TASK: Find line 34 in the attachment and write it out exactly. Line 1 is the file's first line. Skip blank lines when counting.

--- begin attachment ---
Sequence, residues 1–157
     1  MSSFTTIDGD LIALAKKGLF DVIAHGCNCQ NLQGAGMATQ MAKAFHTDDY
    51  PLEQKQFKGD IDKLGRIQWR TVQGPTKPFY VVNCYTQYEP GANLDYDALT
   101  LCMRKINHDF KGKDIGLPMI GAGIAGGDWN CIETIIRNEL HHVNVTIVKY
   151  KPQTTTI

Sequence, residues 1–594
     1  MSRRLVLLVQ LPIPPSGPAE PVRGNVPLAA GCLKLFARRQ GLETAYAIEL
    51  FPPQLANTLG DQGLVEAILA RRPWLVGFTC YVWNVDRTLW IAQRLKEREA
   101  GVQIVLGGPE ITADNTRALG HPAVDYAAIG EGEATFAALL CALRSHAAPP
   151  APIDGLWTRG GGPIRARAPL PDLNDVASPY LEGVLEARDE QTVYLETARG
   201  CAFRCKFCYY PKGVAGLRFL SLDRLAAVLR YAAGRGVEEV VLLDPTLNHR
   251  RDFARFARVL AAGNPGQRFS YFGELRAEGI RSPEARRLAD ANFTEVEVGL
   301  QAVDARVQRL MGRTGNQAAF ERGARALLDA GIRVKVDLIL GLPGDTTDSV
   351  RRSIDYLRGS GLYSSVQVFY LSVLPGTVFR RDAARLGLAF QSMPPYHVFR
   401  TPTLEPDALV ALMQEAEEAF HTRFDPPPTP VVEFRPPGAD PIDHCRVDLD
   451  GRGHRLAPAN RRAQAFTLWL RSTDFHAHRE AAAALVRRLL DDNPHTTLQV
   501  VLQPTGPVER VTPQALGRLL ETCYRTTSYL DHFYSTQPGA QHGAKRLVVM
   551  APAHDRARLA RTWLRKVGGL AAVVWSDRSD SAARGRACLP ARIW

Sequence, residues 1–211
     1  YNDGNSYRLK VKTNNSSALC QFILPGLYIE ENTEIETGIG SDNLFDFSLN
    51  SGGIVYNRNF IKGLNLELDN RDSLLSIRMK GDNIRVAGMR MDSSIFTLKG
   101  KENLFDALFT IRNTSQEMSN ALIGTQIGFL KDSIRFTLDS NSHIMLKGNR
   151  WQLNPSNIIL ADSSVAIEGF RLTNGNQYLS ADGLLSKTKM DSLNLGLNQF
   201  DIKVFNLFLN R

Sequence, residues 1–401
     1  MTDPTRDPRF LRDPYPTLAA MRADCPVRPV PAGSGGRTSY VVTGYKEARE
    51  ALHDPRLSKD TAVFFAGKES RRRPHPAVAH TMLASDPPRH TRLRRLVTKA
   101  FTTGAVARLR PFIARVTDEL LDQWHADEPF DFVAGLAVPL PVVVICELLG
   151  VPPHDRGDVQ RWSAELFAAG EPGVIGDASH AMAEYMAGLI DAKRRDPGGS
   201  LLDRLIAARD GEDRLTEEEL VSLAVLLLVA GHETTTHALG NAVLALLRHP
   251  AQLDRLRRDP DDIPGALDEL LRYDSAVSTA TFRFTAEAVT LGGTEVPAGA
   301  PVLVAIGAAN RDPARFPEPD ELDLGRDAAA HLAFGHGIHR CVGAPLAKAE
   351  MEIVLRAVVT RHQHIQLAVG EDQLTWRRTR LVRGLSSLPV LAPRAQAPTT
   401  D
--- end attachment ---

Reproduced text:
   401  D